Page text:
Jennifer L. Weber has written a concise analysis of Abraham Lincoln’s expansion of presidential power for the New York Times Civil War blog. She argues that Lincoln’s infringement of civil liberties was both proportional to the situation and modest in comparison with actions taken by Woodrow Wilson and Franklin Roosevelt:
Lincoln’s reputation is less marred because his accrual of power was equal to the threat facing the nation. His authority grew incrementally and his administration tended not to overreach. The obvious exceptions are a handful of high-profile cases involving politicians and newspapermen. Still, we should keep some perspective. [Mark] Neely concludes that most of the arrests and detainments involved people who were actually breaking the law, not those merely speaking out against the government.
By contrast, Wilson’s administration systematically pursued leftists, immigrants and political dissidents not because of their actions but because of their political beliefs. Roosevelt incarcerated an entire class of people based on their ethnicity. Like Wilson, Roosevelt’s action was methodical.
Columbia University’s trustees have selected Lincoln’s Code: The Laws of War in American History by John Fabian Witt as a co-recipient of this year’s prestigious Bancroft Prize. The other winner is W. Jeffrey Bolster’s The Mortal Sea: Fishing the Atlantic in the Age of Sail.
This blog featured a review of Witt’s book last fall.
Kevin Coyne, who teaches at the Columbia University Graduate School of Journalism, discusses the lessons writers should learn from Lincoln:
Writing doesn’t get much clearer than the Gettysburg Address, the first thing I ask my students to read. It’s barely a third of the length of an op-ed column. As Garry Wills has memorably pointed out, Lincoln is reimagining America from the very first line, by taking Jefferson’s words to heart in a way that the slaveholding Jefferson himself did not, and by elevating the Declaration of Independence, with its promise that “all men are created equal,” above the Constitution, which reneges on that promise, as the defining document of our nation. If you’re going to ask a boy from Maine to die fighting a boy from Georgia in a field in Pennsylvania, you’d better be clear on why, and he was.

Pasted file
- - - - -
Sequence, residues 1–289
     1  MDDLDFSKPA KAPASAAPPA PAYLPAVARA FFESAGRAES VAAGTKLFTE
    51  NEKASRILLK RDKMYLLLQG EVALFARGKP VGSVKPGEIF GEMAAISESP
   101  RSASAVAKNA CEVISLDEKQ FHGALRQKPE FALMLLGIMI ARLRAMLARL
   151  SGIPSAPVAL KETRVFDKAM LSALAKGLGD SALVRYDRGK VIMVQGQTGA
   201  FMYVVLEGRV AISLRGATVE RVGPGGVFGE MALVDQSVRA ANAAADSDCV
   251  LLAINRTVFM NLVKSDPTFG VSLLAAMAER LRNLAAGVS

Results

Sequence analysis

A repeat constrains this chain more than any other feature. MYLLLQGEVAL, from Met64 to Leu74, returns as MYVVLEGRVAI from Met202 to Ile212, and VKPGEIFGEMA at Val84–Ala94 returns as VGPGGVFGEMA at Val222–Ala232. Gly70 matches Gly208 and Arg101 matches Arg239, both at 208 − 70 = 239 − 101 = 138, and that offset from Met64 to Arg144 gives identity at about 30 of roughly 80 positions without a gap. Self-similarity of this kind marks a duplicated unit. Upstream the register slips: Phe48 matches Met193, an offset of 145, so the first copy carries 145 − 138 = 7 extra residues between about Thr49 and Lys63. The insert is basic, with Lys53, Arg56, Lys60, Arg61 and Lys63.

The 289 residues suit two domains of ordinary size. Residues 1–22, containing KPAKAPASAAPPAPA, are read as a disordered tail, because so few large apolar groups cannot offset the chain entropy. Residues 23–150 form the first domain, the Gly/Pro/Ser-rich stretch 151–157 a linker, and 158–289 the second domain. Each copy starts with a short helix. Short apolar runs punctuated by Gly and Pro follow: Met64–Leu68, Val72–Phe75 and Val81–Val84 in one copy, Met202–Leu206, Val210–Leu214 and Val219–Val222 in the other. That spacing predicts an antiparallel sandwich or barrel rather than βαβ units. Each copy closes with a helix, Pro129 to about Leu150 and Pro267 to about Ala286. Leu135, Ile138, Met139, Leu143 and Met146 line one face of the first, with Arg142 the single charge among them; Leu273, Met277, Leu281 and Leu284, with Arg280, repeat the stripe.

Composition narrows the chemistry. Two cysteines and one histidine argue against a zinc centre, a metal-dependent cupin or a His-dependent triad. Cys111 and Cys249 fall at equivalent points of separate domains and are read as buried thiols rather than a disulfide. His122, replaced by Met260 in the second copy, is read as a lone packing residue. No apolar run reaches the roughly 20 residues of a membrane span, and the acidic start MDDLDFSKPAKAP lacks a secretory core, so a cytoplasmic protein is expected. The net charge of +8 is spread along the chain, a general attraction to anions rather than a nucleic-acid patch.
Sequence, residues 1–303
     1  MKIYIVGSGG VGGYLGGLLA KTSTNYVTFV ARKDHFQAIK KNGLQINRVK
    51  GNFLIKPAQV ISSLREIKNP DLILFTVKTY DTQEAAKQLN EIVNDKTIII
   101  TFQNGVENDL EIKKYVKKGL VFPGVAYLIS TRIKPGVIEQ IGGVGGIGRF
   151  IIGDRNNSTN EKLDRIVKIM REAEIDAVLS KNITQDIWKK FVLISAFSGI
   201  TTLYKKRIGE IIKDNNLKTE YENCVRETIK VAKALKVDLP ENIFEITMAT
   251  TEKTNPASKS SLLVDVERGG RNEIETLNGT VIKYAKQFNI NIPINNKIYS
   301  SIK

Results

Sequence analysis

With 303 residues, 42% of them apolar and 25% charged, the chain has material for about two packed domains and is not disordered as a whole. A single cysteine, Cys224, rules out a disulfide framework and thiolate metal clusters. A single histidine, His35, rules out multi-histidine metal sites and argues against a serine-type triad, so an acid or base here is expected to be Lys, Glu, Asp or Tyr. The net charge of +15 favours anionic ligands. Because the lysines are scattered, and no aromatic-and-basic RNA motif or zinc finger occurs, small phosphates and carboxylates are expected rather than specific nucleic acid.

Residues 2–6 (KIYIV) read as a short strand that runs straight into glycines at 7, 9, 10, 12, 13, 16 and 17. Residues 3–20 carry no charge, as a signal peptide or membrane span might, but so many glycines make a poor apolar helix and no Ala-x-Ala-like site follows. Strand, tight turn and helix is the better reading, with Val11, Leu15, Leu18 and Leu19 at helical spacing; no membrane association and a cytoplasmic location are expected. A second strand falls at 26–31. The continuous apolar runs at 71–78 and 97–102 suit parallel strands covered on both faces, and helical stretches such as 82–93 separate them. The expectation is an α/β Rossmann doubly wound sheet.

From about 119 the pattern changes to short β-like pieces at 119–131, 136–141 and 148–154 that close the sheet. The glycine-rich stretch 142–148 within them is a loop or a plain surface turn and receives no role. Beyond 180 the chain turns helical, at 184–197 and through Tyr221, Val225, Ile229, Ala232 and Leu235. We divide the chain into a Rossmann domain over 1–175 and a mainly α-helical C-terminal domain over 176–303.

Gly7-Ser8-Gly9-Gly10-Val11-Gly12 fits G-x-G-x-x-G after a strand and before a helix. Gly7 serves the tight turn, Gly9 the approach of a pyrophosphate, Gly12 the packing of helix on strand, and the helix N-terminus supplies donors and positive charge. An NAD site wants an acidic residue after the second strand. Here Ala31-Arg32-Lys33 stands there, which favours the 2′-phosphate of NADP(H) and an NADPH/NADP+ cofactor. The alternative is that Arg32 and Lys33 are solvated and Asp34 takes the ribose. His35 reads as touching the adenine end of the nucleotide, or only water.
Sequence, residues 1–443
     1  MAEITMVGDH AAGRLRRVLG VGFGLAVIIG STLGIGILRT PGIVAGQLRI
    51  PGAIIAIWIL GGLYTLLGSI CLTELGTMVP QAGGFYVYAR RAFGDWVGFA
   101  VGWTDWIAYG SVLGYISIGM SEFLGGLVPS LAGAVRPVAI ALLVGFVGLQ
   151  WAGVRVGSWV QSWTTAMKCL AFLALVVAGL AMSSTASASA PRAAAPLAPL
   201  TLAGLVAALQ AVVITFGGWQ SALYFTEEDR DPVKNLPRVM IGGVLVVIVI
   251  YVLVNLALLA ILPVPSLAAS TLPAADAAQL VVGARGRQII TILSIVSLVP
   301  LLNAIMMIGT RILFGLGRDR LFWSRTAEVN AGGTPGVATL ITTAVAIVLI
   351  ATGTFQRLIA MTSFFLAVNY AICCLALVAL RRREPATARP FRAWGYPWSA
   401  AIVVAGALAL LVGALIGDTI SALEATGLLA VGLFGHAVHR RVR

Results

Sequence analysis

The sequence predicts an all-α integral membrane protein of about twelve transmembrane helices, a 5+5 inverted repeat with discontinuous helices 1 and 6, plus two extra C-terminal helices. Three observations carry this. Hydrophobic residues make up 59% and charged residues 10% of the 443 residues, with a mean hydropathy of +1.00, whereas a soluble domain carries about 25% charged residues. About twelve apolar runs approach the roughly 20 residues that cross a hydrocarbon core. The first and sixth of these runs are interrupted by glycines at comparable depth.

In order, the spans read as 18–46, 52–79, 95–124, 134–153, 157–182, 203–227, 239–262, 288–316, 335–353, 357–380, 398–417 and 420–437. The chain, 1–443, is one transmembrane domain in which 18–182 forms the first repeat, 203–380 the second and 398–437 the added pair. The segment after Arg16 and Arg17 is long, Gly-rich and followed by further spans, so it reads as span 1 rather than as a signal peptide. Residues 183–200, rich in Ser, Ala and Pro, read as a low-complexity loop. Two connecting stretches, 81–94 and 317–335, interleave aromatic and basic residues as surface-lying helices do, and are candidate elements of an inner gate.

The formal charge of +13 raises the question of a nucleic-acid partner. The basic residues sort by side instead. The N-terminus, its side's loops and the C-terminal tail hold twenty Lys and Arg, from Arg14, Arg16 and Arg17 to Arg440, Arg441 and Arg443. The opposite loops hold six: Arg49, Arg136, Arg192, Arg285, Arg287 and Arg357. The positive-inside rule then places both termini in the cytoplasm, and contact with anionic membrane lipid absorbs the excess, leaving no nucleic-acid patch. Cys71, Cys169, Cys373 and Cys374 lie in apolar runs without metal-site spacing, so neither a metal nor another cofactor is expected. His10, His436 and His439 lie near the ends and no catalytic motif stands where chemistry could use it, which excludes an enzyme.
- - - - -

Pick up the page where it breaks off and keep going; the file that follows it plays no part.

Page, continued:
Our last post linked to a piece on Lincoln at American Thinker. Yesterday another Lincoln-related article appeared at the same website, this one invoking his approach to the Confederacy in the context of the modern tension between Israel and Palestine.
Ken Blackwell and Bob Morrison, both fellows with the Family Research Council, argue that conservatives shouldn’t rush to condemn Lincoln and his war for the Union:
Some folks say the Civil War was not about slavery, but about states’ rights. We strongly support states rights — especially when it comes protecting our essential liberties from the dangers of Obamacare. But in 1861, the secessionists’ new constitution prohibited any free state from joining the Confederacy. It forbade the people of any Confederate state from voluntarily freeing their slaves. And the framers of that constitution even debated — and soundly defeated — a provision that would have allowed states to secede from the Confederacy. Clearly, the war was not about states’ rights.
Some think Abraham Lincoln gave us the Big Government we all deplore today. He did give us the Trans-Continental Railroad, to be sure, but that was privately built and owned. And the Homestead Act turned over millions of acres of public lands to private owners who would farm and improve them. Even the military — which had mushroomed to over a million men in wartime (including some 200,000 free men of color) — quickly shrank after the war. By 1870, it was little larger than before the war.
You can read the rest of their article at American Thinker.